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ISIS Tech Team Warns 'Brothers In Belgium' To Avoid Social Media After Brussels Attacks



A message purportedly sent to supporters of the Islamic State over the anonymous messaging app Telegram on Tuesday warned the group's "brothers in Belgium" to avoid social media, use "encryption" to communicate and to "keep [a] low profile until the heat dies down."

That message and others like it were first flagged on Twitter by Michael S. Smith II, a principal at the counter-terrorism firm Kronos Advisory, who told Mashable he viewed it in an invite-only channel that is dedicated to discussing ISIS and information security.
The Daily Dot identified that channel as one belonging to the Afaaq Electronic Foundation, an ISIS arm established in January dedicated to "raising security and technical awareness."
The message viewed by Mashable is directed to "all our brothers in Belgium," and provides seven tips for jihadis there hoping to avoid the police crackdown in the wake of Tuesday morning's bombings.

The missive tells supporters to "stay away from using Internet unless you are using encryption software," listing anonymizing tools such as Tor and the Invisible Internet Project (I2P), or the operating systems Qubes and Tails. 
When it comes to social media, the message says to avoid it completely. "Stay away from social media websites, don't share any information with your brothers right now," it says. The message also includes more general advice, such telling jihadis that they should "be ready to act," "change your location as soon as possible" and "keep calm."
If authentic, the message reveals a rarely-seen glimpse into how the group and its supporters race to clean their digital tracks in the wake of massive attacks. 
At the same time, it shows the group hasn't fully embraced actual encryption, as a number of security-focused people pointed out (one security researcher called it "Jihobbiests Jabber Gibberish").
Others criticized the advice as merely too simple to be real.
"If its indeed ISIS, it's either too basic or nonsense," wrote Zeynep Tufekci, an opinion writer at the New York Times, professor and surveillance researcher, in a tweet.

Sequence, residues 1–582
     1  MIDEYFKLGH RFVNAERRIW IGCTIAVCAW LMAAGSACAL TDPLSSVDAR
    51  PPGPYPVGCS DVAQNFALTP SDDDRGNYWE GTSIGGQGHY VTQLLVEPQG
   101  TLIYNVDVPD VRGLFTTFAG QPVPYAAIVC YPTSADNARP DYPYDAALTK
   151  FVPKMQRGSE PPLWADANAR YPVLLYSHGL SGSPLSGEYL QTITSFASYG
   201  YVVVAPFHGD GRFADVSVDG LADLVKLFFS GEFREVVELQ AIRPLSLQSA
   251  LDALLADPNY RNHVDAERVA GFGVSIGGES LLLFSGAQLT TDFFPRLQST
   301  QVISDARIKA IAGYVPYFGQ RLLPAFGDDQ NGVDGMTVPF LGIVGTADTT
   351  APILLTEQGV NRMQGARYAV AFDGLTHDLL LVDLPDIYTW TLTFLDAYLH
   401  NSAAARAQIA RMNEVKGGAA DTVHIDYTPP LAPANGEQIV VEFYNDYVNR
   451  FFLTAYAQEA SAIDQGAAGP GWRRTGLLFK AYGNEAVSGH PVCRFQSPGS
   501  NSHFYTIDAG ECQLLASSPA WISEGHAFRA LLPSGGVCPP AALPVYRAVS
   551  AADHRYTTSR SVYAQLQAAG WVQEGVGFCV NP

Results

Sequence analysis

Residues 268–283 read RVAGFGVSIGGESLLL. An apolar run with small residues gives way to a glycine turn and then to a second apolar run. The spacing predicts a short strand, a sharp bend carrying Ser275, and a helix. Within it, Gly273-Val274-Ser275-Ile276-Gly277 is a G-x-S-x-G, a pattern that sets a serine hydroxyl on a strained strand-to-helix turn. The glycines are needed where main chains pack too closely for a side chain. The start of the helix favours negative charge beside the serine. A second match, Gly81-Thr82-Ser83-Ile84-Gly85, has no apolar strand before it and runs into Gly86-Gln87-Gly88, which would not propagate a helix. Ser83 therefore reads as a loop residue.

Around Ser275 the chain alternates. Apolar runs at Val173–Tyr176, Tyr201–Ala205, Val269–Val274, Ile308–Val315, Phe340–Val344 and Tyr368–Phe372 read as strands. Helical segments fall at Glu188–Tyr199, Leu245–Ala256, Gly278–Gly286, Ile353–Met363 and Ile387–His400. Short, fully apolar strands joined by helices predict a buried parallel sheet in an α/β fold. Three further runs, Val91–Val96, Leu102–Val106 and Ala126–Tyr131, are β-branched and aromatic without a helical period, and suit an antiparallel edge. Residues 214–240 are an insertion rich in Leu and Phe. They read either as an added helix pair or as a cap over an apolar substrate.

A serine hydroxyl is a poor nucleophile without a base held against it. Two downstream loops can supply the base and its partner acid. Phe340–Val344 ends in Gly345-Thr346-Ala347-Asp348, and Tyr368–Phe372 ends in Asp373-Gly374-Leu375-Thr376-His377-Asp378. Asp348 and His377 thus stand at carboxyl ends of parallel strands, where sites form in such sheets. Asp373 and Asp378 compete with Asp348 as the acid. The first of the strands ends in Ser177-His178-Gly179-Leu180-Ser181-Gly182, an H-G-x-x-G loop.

"I hope ISIS recruits or fans try to take all the dumb advice above, and drastically and suddenly change their behavior, even go on TOR," she added. "Especially hope as many of them as possible try the change your location immediately and don't tell anyone bit. Because that would make them quite likely to get caught sooner. Doesn't read like serious 'advice,' more like posturing kids."
Supporters and fighters with the Islamic State embraced the private messaging app Telegram when it launched last year, and despite a purge of ISIS-focused accounts, it remains a favorite for those seeking to communicate with or about the group.
For example, the widely-reported statement attributing Tuesday's attack to the Islamic State first surfaced on a channel run by a news group aligned with ISIS.
The message is likely to be cited as evidence by writers and policymakers who view encryption as the latest threat to security in the United States.
The American Enterprise Institute, a nonpartisan public policy research institute, tweeted a graphic on Tuesday detailing how terrorists use encryption, sharing it with the #BrusselsAttack hashtag.
Rep. Adam Schiff, a Republican congressman from California who is the Ranking Member of the House Intelligence Committee, later issued a statement, saying, "We do not know yet what role, if any, encrypted communications played in these attacks." 
But, he added, "we can be sure that terrorists will continue to use what they perceive to be the most secure means to plot their attacks."

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